PARIS – Three months after filing for bankruptcy protection under Chapter 11, where does Conexant Systems Inc. (Irvine, Calif.) stand today?
The Calif.-based company, which last week obtained court approval of its Chapter 11 reorganization plan, will “exit the current fiscal year (ending Sept.) by generating money,” said Sailesh Chittipeddi (right), Conexant president and CEO, in an interview with EE Times Monday (June 10).
Court approval essentially allows Conexant to swap debt held by its secured lender, an affiliate of funds managed by billionaire investor George Soros, for all of the equity in the reorganized company. Under the new ownership, Conexant “will emerge debt-free, with our obligations for leases and interest payment going away,” explained Chittipeddi.
After the company’s bankruptcy — caused by a combination of declining revenue, increasing costs and significant debt obligations, Conexant has already gone through a substantial operational restructuring.
Moving its headquarters from Newport Beach to Irvine was one of the first actions the company took. The biggest millstone around Conexant’s neck, however, was “dead leases for a lot of sites” — facilities the company no longer uses and was unable to rent, the CEO explained. Shedding responsibility for those dead leases and interest payments is a huge relief for the company as it emerges from bankruptcy.
But of course, what matters most to the future is whether Conexant has a product portfolio compelling enough to its potential customers.
Chittipeddi listed three product categories on which his company is betting its future. All are either already designed into its customers’ new products or whose new- generation chips are scheduled to roll out in the next few months. They include: Conexant’s far-field voice input processing-based devices, video surveillance solutions and printer SoCs.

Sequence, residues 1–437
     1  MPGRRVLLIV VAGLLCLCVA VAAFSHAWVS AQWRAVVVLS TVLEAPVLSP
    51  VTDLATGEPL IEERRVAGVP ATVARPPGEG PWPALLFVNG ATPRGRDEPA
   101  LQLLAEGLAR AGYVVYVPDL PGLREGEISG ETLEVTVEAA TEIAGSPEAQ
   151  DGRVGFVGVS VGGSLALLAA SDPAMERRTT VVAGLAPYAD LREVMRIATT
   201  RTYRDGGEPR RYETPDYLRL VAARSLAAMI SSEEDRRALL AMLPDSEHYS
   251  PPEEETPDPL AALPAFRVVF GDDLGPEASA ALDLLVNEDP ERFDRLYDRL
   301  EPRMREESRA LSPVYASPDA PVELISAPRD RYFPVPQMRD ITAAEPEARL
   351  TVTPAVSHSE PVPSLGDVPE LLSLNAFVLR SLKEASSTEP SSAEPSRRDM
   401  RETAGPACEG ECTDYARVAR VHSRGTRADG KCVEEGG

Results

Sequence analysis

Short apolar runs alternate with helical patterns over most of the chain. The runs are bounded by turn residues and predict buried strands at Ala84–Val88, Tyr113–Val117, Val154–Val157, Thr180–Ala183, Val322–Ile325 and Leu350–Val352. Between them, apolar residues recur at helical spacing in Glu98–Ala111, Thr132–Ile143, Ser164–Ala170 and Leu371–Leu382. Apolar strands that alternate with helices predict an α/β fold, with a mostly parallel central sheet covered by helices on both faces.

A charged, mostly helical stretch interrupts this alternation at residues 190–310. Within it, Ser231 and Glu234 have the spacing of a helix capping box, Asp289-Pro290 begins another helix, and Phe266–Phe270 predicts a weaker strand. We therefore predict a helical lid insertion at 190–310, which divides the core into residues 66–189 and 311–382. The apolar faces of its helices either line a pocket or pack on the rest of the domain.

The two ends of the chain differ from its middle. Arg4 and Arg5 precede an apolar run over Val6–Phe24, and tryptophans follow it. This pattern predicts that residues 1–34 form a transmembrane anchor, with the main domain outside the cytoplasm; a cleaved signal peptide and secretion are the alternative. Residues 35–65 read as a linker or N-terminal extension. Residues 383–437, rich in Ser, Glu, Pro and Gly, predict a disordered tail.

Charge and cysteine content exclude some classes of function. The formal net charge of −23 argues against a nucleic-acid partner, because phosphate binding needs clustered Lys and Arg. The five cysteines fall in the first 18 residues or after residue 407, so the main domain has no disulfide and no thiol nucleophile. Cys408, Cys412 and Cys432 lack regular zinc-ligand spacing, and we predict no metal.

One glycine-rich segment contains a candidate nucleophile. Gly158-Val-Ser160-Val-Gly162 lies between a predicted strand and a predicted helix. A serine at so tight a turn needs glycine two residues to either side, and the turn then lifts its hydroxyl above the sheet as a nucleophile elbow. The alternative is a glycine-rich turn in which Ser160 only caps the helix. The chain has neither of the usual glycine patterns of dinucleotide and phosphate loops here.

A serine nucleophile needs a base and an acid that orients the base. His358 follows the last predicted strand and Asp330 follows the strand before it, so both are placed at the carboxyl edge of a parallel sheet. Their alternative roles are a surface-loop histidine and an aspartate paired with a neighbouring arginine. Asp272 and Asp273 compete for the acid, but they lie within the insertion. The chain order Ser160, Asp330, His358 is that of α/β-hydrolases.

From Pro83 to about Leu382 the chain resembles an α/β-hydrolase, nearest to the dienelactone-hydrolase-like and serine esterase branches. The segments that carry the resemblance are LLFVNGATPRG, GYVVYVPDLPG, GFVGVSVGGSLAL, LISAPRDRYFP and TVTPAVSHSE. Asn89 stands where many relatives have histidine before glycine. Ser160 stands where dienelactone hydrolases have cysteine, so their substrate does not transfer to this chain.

In particular, Conexant is expanding its voice input/control technology not just for smart TVs but also for automotive, PCs and a number of home appliances.
Having already signed up a leading Korean TV manufacturer to its far-field voice input processing in smart TVs, Chiddippedi said Conexant is currently working with both Samsung and LG on implementing similar voice input processing technology in home appliances such as air conditioners, vacuum cleaner robots and refrigerators.
Conexant’s claim to fame is its selective source pickup technology, which uses multi-source separation to distinguish a targeted speaker from random speech/noise interference.
During a demonstration at the International Consumer Electronics Show earlier this year, Conexant showed off a new chip -- designed for a set-top or a TV -- that lets consumers speak a pre-defined command to turn a TV on or off, even in a noisy room. Included in Conexant voice input/control technology are a suite of algorithms, including acoustic echo cancellation, noise reduction, beam forming as well as pre- and post-processing.